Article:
Another important consideration: Don’t crack your back too often. Limit it to once per day at most — otherwise you can aggravate vertebrae in your spine.
Definitely don’t crack your back every 20 minutes or so, which is a sign that something more serious needs your attention.
If done too much, back cracking can lead to hyper-mobility of affected joints, which will cause muscles in the back to wind up getting tighter. This can lead to tense muscles, muscle spasms and then back pain.
How to Crack Your Back
How can you crack your back by yourself? You can with help from certain stretches, but I still recommend seeing a chiropractor for adjustments if you regularly experience the need to crack your back or neck.
Here’s how to crack your back without causing further issues:
- Try doing back stretches and exercises that help build stability around the spine while improving flexibility. To do this, perform exercises, including:
- Superman stretches
- “Cobra” or “updog” yoga poses
- Standing or seated spinal twists
- You can also use a yoga wheel for assistance. This is a cylinder-shaped device you can use at home that helps you stretch more deeply, improve balance and build core strength. Try using it while it doing child’s pose, gentle back bends, shoulder openers and fish pose.
Other tips for taking care of your back and spine include:
- Avoid sitting for prolonged periods hunched over at a desk. Be sure to sit with good posture and an upright spine, such as with help from an ergonomic chair and a raised screen.
- Take breaks from sitting regularly throughout the day. Get up, walk, stretch and generally move around.
- Try using a standing desk if this is an option or sitting on a stability ball to switch things up.
- When you exercise, incorporate a variety of movements into your routine, which can help target different parts of your body that support your spine (like your low back, pelvis and hips).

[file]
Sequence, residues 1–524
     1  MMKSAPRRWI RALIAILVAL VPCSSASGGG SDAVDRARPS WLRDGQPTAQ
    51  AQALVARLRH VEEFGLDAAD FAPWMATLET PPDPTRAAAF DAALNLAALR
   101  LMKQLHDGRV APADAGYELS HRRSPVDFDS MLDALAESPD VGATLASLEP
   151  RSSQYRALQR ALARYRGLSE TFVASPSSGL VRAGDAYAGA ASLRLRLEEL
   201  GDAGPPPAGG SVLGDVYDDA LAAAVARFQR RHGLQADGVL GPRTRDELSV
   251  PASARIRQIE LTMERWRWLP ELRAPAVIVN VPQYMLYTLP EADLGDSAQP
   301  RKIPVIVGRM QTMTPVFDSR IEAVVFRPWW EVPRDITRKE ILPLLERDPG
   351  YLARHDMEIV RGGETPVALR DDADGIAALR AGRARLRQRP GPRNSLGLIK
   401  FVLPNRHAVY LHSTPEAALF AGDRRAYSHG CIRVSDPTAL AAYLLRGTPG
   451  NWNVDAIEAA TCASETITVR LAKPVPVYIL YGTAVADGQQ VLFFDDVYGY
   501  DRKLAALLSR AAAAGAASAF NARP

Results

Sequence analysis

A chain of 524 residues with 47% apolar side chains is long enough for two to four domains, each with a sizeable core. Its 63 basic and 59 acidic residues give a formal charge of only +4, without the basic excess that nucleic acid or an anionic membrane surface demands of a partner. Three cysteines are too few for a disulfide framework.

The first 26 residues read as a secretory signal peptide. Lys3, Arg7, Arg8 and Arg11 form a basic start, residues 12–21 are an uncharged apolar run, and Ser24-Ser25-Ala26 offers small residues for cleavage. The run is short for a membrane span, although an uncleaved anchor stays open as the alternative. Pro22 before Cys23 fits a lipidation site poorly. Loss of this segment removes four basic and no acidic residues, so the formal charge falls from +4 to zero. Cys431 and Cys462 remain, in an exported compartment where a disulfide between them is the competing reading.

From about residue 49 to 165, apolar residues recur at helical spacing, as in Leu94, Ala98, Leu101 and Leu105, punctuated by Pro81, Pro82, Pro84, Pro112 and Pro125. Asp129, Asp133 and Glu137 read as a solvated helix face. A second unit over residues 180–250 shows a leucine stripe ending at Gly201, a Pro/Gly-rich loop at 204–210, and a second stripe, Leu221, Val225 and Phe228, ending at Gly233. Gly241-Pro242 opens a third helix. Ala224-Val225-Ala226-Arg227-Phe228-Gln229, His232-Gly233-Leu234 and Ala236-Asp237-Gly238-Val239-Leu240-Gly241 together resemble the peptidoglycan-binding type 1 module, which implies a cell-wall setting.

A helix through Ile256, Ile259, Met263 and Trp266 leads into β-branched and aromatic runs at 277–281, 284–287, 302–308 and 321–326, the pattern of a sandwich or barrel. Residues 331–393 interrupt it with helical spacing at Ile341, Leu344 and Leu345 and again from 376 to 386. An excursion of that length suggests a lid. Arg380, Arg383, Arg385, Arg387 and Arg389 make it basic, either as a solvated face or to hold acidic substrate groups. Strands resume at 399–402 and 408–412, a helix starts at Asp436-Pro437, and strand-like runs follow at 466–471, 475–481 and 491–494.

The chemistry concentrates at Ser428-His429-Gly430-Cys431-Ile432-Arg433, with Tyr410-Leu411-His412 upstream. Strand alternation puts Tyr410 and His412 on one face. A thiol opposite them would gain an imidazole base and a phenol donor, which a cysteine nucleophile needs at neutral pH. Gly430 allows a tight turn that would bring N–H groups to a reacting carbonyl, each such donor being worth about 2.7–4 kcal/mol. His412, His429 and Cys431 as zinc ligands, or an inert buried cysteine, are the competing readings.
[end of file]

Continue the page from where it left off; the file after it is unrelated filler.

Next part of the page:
- Types of exercises that can help most people to strengthen their back include pool aerobics and swimming, using a Bosu ball for balancing exercises, floor exercises like planks, and gentle mind-body practices like yoga, tai chi and Pilates.
When Not to Crack Your Back
Avoid back cracking if you have a serious lack of mobility in parts of your neck or back, you’re in a lot of pain, or you have a history of back injuries.
Be careful not to aggressively twist or manipulate your body. For example, having someone stand on your spine is not a good idea, especially if you’re prone to injuries.
When in doubt, visit either a physical therapist, chiropractor or orthopedic for help with relieving back pain and tightness.
Be especially careful of stretching your back too much if you’re experiencing any of these symptoms:
- Sharp, stinging or throbbing pain, which can indicate a pinched nerve.
- The need to crack your back multiple times per hour to reduce pain, which might be due to a damaged ligament or deteriorated synovial capsule
- Locked joints and complete immobility in parts of the back.
- Is cracking your back harmful? It depends on if you have any injuries, as well as the part of your back that you’re cracking and how often you’re doing it.
- Most people with generally healthy backs can crack their backs by stretching and doing exercises, such as press-ups, twists, supermans and cobra pose.
- However, cracking the neck or low back is best done by a chiropractor or another health care provider.